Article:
behaviour modification therapy does work

You can listen to this article as part of a podcast on The Neurodivecast by Alex Kronstein. Click << here >> to open the podcast site in a new window. This article is read second and begins five and a half minute into the episode. Keep listening for other excellent articles on the topic of ABA and behaviour modification therapy. 

“But it works”

It’s the most common reply I see from parents when autistic adults express opposition to behaviour modification therapy. I hear them tell the story of what has been achieved since their child has been in therapy, in order to convince others that they are wrong about the abusive nature of therapies like ABA. As I’ve listened I realise there is a lot of evidence supporting their claims, so I can only conclude that behaviour modification therapy does get the results parents want. 

So, I’d like to explore what is behind the idea that behaviour modification therapy works. What are parents are getting from it?  I’m going to do this by addressing the two most common reasons I see parents citing as evidence of the therapy working.

1  “Their behaviour has improved so much”

By this parents usually mean the child has stopped having so many meltdowns, or stopped being aggressive, or now does what they are told with less opposition…. or as one parent blogger I came across recently said “they are taught to be obedient”.

To be honest I can see why this happens. It’s simple really.

Any human being, no matter who they are, will eventually become compliant/obedient if they are subject for long enough to demands that they sit at a table and not move, eat, pee, hold a comfort item, express emotion or actually act like a human child for extended periods of time, or if they are made to repeat the same mundane tasks over and over and over again in exchange for tokens or lollies given out at the discretion of  another person who periodically changes what you are required to do in order to earn the reward they have chosen.

Then when the child becomes quieter, more compliant, the therapy is deemed to have been “successful” and the autistic child “improved”, when in fact the therapy has been overwhelming and has worn the child down to a point where the child has shut down because they believe there is no longer any point expressing their desires, needs or distress. This is called “improved behaviour”.

2  “They’ve gained skills since we started”

This evidence is often followed by giving a list of things the child can now do…. talk, sit still, interact with peers, etc. And these changes have occurred, according to the parents, as a result of the child having been in therapy from when they were 2 or 3 years old, until they were 5 or 6 years old.

Of course, if your child’s doctor told you that your child would never do these things because *autism*, and that therapy was the only way for them to achieve things, and you didn’t know better, I can see why you might try the therapy. And then, if the child did achieve the things the doctor said they wouldn’t unless they had therapy, I guess I can understand why you’d believe the therapy brought about the change. It quite probably did.

It does work!

So, sure, behaviour modification therapy works. It does. It modifies autistic kids behaviour. But that defence is not adequate to validate or endorse the use of this therapy. It works by doing things that are unethical and damaging. We know there are better ways to support autistic people. Michelle Dawson, in her excellent and confronting article The Misbehaviour of Behaviourists: Ethical Challenges to the Autism-ABA Industry, says “when it comes to the test of ethics, to allotting autistics rudimentary ethical consideration, all sides and factions for and against ABA have persistently and thoroughly failed”.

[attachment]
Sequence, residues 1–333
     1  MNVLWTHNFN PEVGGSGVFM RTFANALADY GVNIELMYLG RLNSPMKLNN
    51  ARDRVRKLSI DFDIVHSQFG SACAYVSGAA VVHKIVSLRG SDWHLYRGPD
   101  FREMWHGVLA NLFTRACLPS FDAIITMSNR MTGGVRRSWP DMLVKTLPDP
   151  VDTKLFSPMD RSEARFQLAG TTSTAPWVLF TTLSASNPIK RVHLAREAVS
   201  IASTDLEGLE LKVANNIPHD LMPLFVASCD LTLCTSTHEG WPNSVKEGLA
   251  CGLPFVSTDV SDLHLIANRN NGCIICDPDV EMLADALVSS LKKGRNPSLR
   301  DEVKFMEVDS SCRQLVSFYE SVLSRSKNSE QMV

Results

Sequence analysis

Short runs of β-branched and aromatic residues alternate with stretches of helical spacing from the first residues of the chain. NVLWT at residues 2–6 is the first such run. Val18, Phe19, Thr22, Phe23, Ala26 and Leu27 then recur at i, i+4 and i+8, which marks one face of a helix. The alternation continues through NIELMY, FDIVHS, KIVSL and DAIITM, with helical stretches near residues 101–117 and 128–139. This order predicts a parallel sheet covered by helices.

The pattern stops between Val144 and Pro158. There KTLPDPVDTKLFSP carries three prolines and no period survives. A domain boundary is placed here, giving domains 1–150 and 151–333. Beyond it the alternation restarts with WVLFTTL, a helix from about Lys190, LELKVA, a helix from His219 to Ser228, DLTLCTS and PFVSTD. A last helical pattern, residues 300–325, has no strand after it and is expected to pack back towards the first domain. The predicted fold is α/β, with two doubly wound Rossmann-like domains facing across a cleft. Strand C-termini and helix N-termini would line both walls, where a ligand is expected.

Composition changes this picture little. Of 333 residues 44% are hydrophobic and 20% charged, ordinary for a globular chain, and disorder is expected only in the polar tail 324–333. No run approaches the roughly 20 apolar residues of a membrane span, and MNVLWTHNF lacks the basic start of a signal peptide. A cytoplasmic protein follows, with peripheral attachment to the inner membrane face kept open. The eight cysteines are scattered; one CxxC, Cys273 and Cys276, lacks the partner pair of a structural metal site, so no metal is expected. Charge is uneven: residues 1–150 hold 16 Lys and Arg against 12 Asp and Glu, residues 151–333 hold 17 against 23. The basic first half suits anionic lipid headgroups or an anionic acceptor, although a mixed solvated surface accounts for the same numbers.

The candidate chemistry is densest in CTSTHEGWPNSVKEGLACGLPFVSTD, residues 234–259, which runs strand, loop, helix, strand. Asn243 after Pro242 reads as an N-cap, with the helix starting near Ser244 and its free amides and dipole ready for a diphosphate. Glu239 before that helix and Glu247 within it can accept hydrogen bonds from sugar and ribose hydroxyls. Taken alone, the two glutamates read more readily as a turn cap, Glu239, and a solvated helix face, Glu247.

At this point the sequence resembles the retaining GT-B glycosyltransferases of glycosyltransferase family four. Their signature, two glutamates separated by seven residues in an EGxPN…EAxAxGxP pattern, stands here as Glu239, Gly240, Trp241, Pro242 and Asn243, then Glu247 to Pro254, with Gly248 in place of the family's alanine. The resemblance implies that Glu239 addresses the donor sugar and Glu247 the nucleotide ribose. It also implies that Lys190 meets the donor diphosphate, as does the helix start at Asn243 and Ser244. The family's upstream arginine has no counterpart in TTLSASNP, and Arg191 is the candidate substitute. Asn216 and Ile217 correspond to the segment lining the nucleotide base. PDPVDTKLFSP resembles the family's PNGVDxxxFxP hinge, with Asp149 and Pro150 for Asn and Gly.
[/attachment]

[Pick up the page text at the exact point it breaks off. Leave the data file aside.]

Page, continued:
Behaviour modification therapy has a history rich in false assumptions and bigoted and discriminatory ideals. It is assumed that the autistic way of being is inherently bad, wrong and harmful, and it is held as an ideal that autistic people to be whole and valuable must change and become something different than what comes naturally to them.  Dawson points out, “False oppositions (if autistic children must be treated ethically then they will be doomed) and false equations (autism equals cancer) have elbowed aside empirical evidence and have become central to the legal, scientific, and popular promotion of the autism-ABA industry”. She says some of these false oppositions are

“Autism equals tragedy, suffering, and doom. Either autistic children are successfully treated through early intensive behaviour interventions or they are condemned to a life of isolation and institutionalization. Autism is incompatible with achievement, intelligence, physical and psychological integrity, dignity, autonomy, and learning: either you are autistic or you have access to these possibilities. Either the autistic gets ABA, and comes to resemble a non-autistic, or the autistic is doomed. Autism equals a nuclear bomb, a stroke, diabetes, a terminal illness, being “riddled with pain from a terrible accident”, and again, always, cancer. If you are against ABA then you are for institutionalization. If ABA is criticized then children will be destroyed. Autism is incompatible with humanity: either you are autistic or you are human. If an autistic is deprived of ABA then he will end up being thrown to the floor and sat on by four large attendants in a group home”.

And I agree. I have seen all of these brought up in conversations defending the horrific treatment of autistic people in the name of therapy.